On February 27, the Orthodox “Great Lent” begins in the lead up to Easter on April 15. For the most devout, this means a two-month abstinence from animal-derived food. For some, though, “fasting” is a way of life that is growing in popularity and has more to do with health and a belief in animal rights than it does to do with the Church. It goes by the name of veganism.
To explore this more, GEORGIA TODAY contacted 21-year-old Lasha Kavrishvili, the creator of Sweet Vegan, an online bakery that opened just a month ago, which he runs alongside his mother Eka and grandmother Naira.
“My motivation for creating an online bakery was that there are very few options in terms of vegan cakes in Georgia, and yet there is a great demand from vegans. I decided to create my own online pastry shop, where I could offer tasty and colorful vegan cakes at affordable prices,” he tells us.
What is veganism to you?
For me, veganism is primarily a way of life, a healthy way of life; humanity and love for the world and animals.
How did you discover it/become vegan?
Even in childhood, I didn’t like to eat meat, but I was “forced” to because they thought it was good for my health. When I turned 15, I decided to categorically refuse all meat products. At first, my family didn’t understand me and opposed me, but over time they got used to it and realized that I would never eat meat again and there was no point forcing it anymore. They saw I wasn’t doing anything harmful to my body; on the contrary, they realized that vegetarianism/veganism is a better and more humane choice. I was a vegetarian for seven years and one year ago I became vegan.
Why did you stop eating meat?
At first, I stopped eating meat because of my love for animals, and over time I realized that it was good for my health too.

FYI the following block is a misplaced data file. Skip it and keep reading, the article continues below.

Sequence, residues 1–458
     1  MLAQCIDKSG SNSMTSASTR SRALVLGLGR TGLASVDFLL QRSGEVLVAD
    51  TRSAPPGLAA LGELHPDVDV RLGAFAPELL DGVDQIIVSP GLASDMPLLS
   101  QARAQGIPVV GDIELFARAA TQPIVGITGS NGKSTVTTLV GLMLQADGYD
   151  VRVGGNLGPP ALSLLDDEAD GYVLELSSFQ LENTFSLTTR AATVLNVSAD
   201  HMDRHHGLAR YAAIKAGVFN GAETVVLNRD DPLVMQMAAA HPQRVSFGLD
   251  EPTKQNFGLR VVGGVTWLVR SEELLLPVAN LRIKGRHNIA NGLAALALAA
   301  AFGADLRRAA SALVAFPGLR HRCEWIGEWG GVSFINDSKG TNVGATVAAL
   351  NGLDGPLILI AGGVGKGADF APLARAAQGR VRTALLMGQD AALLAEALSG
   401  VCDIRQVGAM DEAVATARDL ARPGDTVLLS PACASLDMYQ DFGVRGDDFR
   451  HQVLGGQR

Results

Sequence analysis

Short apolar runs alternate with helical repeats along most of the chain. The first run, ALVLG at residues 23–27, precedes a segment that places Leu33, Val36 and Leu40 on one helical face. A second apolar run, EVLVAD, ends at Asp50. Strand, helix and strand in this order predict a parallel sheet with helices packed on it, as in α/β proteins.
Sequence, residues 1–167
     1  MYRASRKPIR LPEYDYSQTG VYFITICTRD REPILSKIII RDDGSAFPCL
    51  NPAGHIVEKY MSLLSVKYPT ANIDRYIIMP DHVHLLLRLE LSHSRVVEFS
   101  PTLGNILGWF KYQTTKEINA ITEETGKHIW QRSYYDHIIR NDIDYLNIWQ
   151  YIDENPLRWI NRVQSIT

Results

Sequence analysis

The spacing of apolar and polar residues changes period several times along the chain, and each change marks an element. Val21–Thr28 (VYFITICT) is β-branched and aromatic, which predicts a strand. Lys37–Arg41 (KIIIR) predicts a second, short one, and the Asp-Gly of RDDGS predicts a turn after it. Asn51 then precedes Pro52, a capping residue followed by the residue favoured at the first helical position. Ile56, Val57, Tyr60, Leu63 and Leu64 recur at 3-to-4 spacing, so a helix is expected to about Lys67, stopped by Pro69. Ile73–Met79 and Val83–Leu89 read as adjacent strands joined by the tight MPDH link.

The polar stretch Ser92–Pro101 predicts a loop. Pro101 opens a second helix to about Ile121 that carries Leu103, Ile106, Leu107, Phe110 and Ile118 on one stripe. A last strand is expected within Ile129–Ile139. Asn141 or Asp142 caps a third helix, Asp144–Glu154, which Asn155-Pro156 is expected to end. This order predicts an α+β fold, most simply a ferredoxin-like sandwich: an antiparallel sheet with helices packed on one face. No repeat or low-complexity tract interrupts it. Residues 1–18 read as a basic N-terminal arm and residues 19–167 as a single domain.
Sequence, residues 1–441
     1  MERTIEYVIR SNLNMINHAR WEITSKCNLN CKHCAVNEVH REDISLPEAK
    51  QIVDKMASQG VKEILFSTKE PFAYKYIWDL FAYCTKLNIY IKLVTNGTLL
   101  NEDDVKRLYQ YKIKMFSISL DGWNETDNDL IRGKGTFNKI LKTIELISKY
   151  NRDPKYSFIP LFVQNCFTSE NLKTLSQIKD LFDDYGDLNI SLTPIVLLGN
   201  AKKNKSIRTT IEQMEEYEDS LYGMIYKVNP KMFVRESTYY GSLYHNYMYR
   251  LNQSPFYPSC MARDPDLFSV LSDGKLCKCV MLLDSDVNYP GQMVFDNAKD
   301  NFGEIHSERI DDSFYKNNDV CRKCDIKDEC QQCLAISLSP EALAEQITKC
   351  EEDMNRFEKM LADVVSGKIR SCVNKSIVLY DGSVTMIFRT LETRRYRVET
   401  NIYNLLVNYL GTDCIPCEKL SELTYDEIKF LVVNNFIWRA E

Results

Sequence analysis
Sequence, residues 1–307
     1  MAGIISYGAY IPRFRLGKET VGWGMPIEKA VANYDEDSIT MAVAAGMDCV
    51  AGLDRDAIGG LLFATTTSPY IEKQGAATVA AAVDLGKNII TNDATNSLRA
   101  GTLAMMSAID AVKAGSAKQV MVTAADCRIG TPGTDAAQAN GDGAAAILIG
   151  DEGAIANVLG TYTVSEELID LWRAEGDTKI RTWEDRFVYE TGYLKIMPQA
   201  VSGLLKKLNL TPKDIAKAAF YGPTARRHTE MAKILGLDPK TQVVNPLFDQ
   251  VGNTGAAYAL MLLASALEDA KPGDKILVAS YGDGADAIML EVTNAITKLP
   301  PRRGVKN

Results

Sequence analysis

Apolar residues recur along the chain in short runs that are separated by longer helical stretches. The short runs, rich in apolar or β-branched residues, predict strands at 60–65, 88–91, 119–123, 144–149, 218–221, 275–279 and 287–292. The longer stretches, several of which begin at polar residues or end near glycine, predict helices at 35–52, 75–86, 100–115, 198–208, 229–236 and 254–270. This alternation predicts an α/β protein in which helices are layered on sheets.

What was your motivation behind opening your bakery?
Confectionery is my hobby, as are painting and art. I like drawing, painting, plants, animals, and nature in general.
As a child, I often baked cakes for myself and my family members, and I was quite good at it. Now, those same family members help me manage my bakery – we work together. I want more people to know about my pastry, and I train and try to develop in this field every day so as to help people understand that vegan cakes and cookies can be as, if not more, delicious than non-vegan ones.
Who are your clients and what are your best-sellers?
Right now, my main customers count vegans and vegetarians. We only opened the bakery a month ago, but so far, our best-selling product is cakes. We’re gradually adding a variety of vegan cakes and pies to our list, as the demand grows.
What challenges have you faced as a business/as a vegan?
It’s early days, but so far I haven’t faced any challenges. The only good challenge is that at this stage we have a lot of orders we’re trying to fulfill. Our aim right now is happy customers!
Vegan food tends to be more expensive than non-vegan food, and this is one factor that puts people off taking up or sticking to a vegan diet. How would you answer that?
Vegan food is really expensive compared to non-vegan food in Georgia, in most part due to the fact that there are fewer vegan spaces. I often buy vegan sweets and other food in vegan spaces, but in many cases I find it unaffordable. One of the reasons I created my own vegan space was to have somewhere I could offer both food and sweets at a price everyone can afford.
Next week the “Great Lent” starts for Orthodox people. Do you expect more demand for your products?
There may be more demand for my products during Lent, yes, as people often buy fasting sweets in such periods.
Do you think the Orthodox fasting diet can be used to promote veganism?
My personal opinion is that fasting should not be used to promote anything, as fasting is not a diet. During fasting, a person seeks to cleanse himself, both physically and spiritually, of accumulated sins. Fasting is related to religion, and people should remember that they should at least express their desires and needs during fasting. In comparison, veganism is a way of life.
How do you see the future of veganism in Georgia?
The number of vegans and vegetarians in Georgia is growing faster than before, which is very gratifying. I think, over time, more people will come to understand the ideology of veganism and there will be ever more vegans and vegetarians in Georgia.
Check out the Sweet Vegan facebook page!
Interview by Katie Ruth Davies